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SciFi / Fantasy > Do you always show not tell? I find it often unnecessarily elongates things in some situations

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message 1: by S. (new)

S. Nileson | 45 comments I've read a few books lately which had this 'over-showing' thing going on. It made them terribly difficult and unnecessarily descriptive to read at times. One of these books is the first installment by Jordan's Wheel of Time. I'd like to know what others think about this rule. Do you always stick to showing, or do you punch in a tell every now and again to skip some unimportant detail?


message 2: by Angel (last edited Aug 20, 2015 06:37PM) (new)

Angel | 180 comments I do a fair balance of both.


message 3: by Christina (new)

Christina Maharaj | 7 comments I agree with you. Sometimes it's really not needed. Like Angel, I try to have a mix.


message 4: by Steve (new)

Steve Harrison (stormingtime) | 77 comments There are no rules. I wish there were, because the main difficulty in writing lies in finding the best way to tell your story.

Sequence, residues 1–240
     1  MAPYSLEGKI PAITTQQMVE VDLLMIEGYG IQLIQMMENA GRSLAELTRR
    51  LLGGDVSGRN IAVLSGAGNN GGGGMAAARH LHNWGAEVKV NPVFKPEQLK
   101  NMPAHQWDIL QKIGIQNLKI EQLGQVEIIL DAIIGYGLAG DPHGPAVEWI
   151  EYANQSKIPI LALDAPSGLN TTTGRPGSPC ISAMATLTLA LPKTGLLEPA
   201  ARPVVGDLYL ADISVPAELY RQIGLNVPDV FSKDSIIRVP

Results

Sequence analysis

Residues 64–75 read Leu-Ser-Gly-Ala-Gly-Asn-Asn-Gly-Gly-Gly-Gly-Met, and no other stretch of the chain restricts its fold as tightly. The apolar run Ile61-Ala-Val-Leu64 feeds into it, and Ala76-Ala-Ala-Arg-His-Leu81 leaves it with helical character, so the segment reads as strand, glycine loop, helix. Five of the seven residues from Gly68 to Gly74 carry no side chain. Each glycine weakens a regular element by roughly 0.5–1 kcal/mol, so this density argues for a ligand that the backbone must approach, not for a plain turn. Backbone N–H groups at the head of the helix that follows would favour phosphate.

message 5: by Zee (new)

Zee Monodee (zee_monodee) | 154 comments I aim for balance, whether as an author or as an editor - though in this case, I often find I have to urge 'my' authors to show more and not just aim for the tell. But the thing is, it also depends on your writing voice. I have authors who are mainly dialogue with some physical cues thrown in, so you're not gonna overhaul their voice to get them to show more when this is just the way they write. It's a balance and you have to recognize with whom it works and not. In my own writing voice, I show a lot because I use settings people are not familiar with so there is a fair amount of description, but of course, even that needs a balance :)